By Marcus Arvan & Helen De Cruz
Helen and I are happy to introduce the Cocoon’s newest series: our ‘Alt-Ac Workshop’, where guest-contributors with higher degrees in philosophy will provide concrete tips on how to transition effectively from academic philosophy to careers outside of the academy.
Before I introduce our first post in the series later today – a post by Calvin Warner (MA, Georgia State University) on how to identify one’s marketable skills and potential non-academic jobs—Helen and I would like to each say a few brief things about why we started the series and what our hopes are for it.
As someone spent over eight years pursuing my PhD, came very close to never finishing my degree, and then spent seven years on the academic job-market, at many times I felt trapped and helpless: as though, if I didn’t make it in academia, I had little hope of a successful career. I not only had no network outside of academia. I had little idea how I could ever market the skills I had developed in graduate school in a way that would land me a good non-academic job.
According to the American Philosophical Association’s helpful new guide, ‘Beyond Academia’, only about 35% of philosophy PhDs since 2012 have secured permanent academic posts. Because permanent academic jobs are so scarce, Helen and I both believe it is important for our profession to help philosophers with higher degrees obtain good jobs both inside and outside of the academy. However, while I am heartened to see the APA devoting resources to this, in my experience there are still far fewer resources readily available to philosophers for seeking non-academic jobs than in many other fields. Our hope is that our Alt-Ac Workshop will contribute in some small but significant way in providing more resources here, by both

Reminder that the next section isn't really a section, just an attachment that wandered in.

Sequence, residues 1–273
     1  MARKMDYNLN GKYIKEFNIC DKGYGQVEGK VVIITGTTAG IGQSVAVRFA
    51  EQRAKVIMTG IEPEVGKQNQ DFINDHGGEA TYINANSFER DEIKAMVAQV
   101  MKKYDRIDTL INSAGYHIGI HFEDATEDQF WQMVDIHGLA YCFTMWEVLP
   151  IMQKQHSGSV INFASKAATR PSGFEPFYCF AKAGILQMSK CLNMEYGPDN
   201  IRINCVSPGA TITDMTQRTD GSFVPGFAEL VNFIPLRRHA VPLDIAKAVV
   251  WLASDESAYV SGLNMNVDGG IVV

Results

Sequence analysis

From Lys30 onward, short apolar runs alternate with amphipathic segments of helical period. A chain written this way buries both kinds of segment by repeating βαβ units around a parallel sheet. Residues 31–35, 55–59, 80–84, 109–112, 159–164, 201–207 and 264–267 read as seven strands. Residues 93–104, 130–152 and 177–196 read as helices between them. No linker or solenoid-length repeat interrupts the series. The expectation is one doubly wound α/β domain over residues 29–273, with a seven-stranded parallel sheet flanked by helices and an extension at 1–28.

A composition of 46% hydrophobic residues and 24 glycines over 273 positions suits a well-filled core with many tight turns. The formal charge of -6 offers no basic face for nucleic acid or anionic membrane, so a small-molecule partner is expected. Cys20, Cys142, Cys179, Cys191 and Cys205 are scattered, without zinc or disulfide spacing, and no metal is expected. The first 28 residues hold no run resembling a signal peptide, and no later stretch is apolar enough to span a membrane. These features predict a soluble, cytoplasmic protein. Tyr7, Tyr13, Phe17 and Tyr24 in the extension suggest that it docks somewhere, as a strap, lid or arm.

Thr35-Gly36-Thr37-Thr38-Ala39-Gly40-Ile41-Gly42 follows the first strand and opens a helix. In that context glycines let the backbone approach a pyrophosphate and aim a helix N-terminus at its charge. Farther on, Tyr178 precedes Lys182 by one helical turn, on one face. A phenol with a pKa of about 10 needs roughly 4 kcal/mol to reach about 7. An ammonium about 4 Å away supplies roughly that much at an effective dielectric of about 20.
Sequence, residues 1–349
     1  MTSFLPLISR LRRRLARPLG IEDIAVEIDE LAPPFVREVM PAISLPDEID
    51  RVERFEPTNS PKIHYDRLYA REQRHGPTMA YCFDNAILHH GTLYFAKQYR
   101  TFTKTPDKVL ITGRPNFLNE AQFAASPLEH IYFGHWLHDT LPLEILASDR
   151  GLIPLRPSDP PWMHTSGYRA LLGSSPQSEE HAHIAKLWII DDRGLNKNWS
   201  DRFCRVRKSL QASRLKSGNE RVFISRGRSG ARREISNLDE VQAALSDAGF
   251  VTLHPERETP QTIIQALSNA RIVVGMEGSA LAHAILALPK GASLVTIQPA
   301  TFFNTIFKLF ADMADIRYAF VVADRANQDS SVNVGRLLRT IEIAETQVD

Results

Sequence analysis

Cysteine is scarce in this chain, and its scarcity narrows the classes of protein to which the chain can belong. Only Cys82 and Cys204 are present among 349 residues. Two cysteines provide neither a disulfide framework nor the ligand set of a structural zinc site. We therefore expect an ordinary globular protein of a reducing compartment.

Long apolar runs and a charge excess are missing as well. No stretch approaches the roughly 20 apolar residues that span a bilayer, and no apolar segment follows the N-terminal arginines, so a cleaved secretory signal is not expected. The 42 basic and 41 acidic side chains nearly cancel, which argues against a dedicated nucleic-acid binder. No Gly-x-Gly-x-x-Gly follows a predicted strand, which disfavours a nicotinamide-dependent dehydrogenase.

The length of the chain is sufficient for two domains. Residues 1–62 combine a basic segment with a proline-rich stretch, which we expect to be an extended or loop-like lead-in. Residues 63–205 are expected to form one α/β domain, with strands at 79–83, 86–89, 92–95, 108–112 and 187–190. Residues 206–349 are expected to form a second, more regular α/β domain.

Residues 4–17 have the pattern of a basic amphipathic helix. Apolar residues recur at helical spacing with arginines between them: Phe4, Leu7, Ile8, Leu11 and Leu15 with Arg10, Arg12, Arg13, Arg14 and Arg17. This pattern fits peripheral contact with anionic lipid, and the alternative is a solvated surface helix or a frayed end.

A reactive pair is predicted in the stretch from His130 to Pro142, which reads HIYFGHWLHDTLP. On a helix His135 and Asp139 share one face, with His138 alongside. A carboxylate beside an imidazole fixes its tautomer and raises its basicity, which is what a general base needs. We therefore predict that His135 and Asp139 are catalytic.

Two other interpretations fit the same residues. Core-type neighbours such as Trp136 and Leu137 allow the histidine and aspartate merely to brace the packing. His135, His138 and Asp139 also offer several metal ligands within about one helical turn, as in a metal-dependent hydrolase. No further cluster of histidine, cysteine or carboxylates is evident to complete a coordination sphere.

(A) providing academic philosophers with helpful tips from those who have experience transitioning to non-academic careers successfully, but also, insofar as we will be featuring philosophers in industry,
(B) presenting readers with non-academic philosophers to potentially network with (namely, our contributors)!
Helen and I have a diverse line-up contributors tentatively set up—including some philosophers who have made interesting careers in philosophy outside of the academy, as well as others who have pursued various careers outside of philosophy—and we hope you all find the series helpful. If you do know anyone with a higher degree in philosophy in industry who might contribute something useful to the series, please encourage them to contact me at email@example.com to express interest. Thanks, and hope the series is helpful! - Marcus
(taking over from Marcus here).
I’ve been fascinated with alt-ac for several years now – some of this is inspired by personal circumstance.
My sister got her PhD in medium energy physics and left academia right away for a job as a meteorologist. She told that she wasn’t prepared to sacrifice her personal life to pursue an uncertain future in academia. I have been a postdoc for many years, having a total of 3 multi-year postdoc positions and getting 2 PhDs. At the time she graduated and moved out of academia, I was on my second postdoc position. I then thought that alt-ac is all very nice for people who have a degree in a STEM field, like my sister, but for us humanities PhDs, academia is still the only option. And there lies the problem.
By thinking academia’s the only option, we’re in a seriously weakened bargaining position. We’re vulnerable to being exploited. So we need to create options. I’m not saying the system isn’t seriously broken. But one thing we can do is seriously consider options outside the academy.
To this end, I’ve recently started a blog Doing things with philosophy – beyond academia which showcases people who studied philosophy and who are now engaged outside of academia. People not only with PhD degrees, but also with MAs and BAs. If you would like to write for Alt-Ac workshop and want to be featured on this blog, please contact me at firstname.lastname@example.org.